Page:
Science’s scourge of believers declares his faith in Darwin

Prof Richard Dawkins, the scourge of those who maintain their belief in a god, has declared that he, too, holds a belief that cannot yet be proved.

In a recent letter to a national newspaper, Prof Dawkins said believers might now be disillusioned with an omnipotent being who had just drowned tens of thousands of innocent people in Asia. “My naive guess was that believers might be feeling more inclined to curse their god than pray to him.”

Now the Oxford University evolutionary biologist is among the 117 scientists, futurists and other creative thinkers who have responded to the question: “What do you believe is true even though you cannot prove it?” posed by John Brockman, a New York-based literary agent and publisher of The Edge, a website devoted to science.

“I believe, but I cannot prove, that all life, all intelligence, all creativity and all ‘design’ anywhere in the universe is the direct or indirect product of Darwinian natural selection,” said Prof Dawkins in the responses published yesterday on www.edge.org.

That, of course, means that there is no need for a god to design the universe: “It follows that design comes late in the universe, after a period of Darwinian evolution. Design cannot precede evolution and therefore cannot underlie the universe.”


Other respondents to the Edge survey include:

Sir Martin Rees, of Cambridge University, Astronomer Royal: “I believe that intelligent life may presently be unique to our Earth but that, even so, it has the potential to spread through the galaxy and beyond.

“Advanced intelligences billions of years hence might even create new universes. Perhaps they’ll be able to choose what physical laws prevail in their creations.

“My belief may remain unprovable for billions of years. It could be falsified sooner – for instance, we (or our immediate post-human descendents) may develop theories that reveal inherent limits to complexity. But it’s a substitute for religious belief, and I hope it’s true.”


Dr Stephen Schneider, Stanford University climatologist: “I believe that global warming is both a real phenomenon and at least partially a result of human activities such as dumping greenhouse gases in the atmosphere.”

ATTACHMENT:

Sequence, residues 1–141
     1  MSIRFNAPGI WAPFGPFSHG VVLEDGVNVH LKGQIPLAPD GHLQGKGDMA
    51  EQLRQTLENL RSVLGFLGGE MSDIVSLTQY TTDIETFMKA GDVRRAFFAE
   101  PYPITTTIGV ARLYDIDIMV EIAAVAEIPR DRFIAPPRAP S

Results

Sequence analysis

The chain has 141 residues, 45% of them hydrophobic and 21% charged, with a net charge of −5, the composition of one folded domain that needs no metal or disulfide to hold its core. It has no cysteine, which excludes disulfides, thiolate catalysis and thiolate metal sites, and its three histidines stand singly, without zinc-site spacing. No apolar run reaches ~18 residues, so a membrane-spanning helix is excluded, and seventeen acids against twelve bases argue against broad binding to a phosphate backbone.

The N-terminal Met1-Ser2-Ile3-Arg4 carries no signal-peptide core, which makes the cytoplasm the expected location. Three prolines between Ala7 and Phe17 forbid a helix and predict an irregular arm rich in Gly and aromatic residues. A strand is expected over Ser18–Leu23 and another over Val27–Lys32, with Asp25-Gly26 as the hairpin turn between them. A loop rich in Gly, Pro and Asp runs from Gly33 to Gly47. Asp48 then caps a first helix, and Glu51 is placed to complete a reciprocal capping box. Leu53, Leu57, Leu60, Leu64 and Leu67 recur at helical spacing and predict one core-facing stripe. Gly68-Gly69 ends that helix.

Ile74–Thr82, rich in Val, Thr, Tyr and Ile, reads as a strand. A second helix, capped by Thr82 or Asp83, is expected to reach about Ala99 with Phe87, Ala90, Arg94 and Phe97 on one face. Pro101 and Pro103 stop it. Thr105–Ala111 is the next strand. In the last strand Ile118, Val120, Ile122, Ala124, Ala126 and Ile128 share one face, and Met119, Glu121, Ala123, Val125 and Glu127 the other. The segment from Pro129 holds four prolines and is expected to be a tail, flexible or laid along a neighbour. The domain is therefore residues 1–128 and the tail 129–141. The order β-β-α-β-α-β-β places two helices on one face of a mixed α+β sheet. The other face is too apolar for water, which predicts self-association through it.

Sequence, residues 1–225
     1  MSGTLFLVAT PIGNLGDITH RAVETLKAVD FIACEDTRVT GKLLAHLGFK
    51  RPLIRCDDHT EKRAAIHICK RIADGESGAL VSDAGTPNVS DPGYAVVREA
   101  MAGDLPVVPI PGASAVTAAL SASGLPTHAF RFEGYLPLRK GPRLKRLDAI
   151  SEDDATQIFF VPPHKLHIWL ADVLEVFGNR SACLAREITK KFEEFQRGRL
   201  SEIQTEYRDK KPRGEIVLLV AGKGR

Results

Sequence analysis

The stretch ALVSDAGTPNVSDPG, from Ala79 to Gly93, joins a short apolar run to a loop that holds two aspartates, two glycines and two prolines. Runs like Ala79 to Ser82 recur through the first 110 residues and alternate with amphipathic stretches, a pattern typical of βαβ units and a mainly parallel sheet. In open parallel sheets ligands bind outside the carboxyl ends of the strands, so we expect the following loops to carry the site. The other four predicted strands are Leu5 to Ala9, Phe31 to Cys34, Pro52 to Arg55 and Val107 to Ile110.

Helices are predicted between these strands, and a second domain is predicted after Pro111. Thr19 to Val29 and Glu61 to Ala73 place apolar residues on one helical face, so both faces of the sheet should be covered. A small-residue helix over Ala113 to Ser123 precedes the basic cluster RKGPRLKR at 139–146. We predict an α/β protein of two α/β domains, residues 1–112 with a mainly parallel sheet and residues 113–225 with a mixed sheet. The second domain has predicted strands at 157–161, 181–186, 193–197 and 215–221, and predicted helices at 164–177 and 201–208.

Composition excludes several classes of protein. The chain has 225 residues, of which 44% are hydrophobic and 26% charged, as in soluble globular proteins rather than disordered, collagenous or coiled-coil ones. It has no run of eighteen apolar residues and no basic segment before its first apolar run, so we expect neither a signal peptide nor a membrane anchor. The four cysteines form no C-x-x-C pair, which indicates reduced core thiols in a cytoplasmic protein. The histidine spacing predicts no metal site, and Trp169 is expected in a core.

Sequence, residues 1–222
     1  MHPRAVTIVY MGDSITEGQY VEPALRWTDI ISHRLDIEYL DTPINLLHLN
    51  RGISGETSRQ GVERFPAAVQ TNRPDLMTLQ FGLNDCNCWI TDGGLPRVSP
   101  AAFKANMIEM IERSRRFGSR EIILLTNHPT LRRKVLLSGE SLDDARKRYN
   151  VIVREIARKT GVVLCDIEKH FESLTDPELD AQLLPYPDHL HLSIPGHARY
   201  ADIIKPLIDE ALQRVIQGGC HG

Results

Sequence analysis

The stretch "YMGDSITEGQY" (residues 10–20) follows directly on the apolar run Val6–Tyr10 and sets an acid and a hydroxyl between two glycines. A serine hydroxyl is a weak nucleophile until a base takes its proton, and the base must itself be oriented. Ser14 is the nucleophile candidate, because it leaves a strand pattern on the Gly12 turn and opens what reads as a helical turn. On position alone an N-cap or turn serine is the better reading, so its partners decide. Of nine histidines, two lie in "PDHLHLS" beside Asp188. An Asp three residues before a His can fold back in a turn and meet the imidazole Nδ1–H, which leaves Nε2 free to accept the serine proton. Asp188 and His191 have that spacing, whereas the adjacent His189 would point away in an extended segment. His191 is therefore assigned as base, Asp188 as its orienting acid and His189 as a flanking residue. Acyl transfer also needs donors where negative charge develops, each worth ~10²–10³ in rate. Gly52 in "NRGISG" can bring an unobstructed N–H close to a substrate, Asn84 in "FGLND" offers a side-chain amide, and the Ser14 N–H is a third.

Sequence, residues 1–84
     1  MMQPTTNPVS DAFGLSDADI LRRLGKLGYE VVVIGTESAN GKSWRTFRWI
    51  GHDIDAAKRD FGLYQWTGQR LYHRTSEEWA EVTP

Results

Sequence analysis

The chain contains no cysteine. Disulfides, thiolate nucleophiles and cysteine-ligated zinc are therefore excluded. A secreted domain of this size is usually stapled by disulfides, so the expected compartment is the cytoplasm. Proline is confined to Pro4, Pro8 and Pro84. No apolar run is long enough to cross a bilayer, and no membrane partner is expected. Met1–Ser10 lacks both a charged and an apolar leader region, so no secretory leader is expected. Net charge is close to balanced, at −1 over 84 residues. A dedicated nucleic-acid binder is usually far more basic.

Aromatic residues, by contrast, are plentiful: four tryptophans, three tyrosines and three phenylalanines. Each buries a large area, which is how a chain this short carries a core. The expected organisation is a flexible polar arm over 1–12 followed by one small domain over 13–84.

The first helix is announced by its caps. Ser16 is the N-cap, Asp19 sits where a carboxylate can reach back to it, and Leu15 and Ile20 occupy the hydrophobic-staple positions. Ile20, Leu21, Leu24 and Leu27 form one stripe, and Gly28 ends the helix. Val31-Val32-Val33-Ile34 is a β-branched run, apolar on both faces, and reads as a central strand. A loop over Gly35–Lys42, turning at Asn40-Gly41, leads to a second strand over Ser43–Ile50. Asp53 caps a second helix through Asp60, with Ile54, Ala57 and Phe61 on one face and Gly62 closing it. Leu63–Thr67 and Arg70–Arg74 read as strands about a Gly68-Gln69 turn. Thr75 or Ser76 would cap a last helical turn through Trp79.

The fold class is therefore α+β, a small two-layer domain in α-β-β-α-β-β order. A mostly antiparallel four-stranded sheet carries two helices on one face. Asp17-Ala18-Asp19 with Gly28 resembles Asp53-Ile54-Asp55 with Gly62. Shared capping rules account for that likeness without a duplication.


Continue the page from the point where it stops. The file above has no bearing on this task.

Prof Dan Dennett, philosopher, Tufts University: “I believe, but cannot yet prove, that acquiring a human language (an oral or sign language) is a necessary precondition for consciousness – in the strong sense of there being a subject, an I, a `something it is like something to be’.

“It would follow that non-human animals and pre-linguistic children, although they can be sensitive, alert, responsive to pain and suffering, and cognitively competent in many remarkable ways are not really conscious (in this strong sense). This assertion is shocking to many people, who fear that it would demote animals and pre-linguistic children from moral protection, but this would not follow.”

Tom Standage, Technology Editor of The Economist: “I believe that the radiation emitted by mobile phones is harmless. My argument is not based so much on the scientific evidence because there isn’t very much of it, and what little there is has either found no effect or is statistically dubious. Instead, it is based on a historical analogy with previous scares about overhead power lines and cathode-ray computer monitors (VDUs). Both were also thought to be dangerous, yet years of research failed to find conclusive evidence of harm.

“Mobile phones seem to be the latest example of what has become a familiar pattern: anecdotal evidence suggests that a technology might be harmful, and however many studies fail to find evidence of harm, there are always calls for more research. The underlying problem, of course, is the impossibility of proving a negative.”


Prof Joseph LeDoux, New York University neuroscientist: “I believe that animals have feelings and other states of consciousness, but neither I nor anyone else has been able to prove it.

“We can’t even prove that other people are conscious, much less other animals. In the case of other people, though, we at least can have a little confidence since all people have brains with the same basic configurations.”

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Source

(Listed if other than Religion News Blog)
Telegraph, USA
Jan. 5, 2005
Roger Highfield, Science Editor
www.telegraph.co.uk

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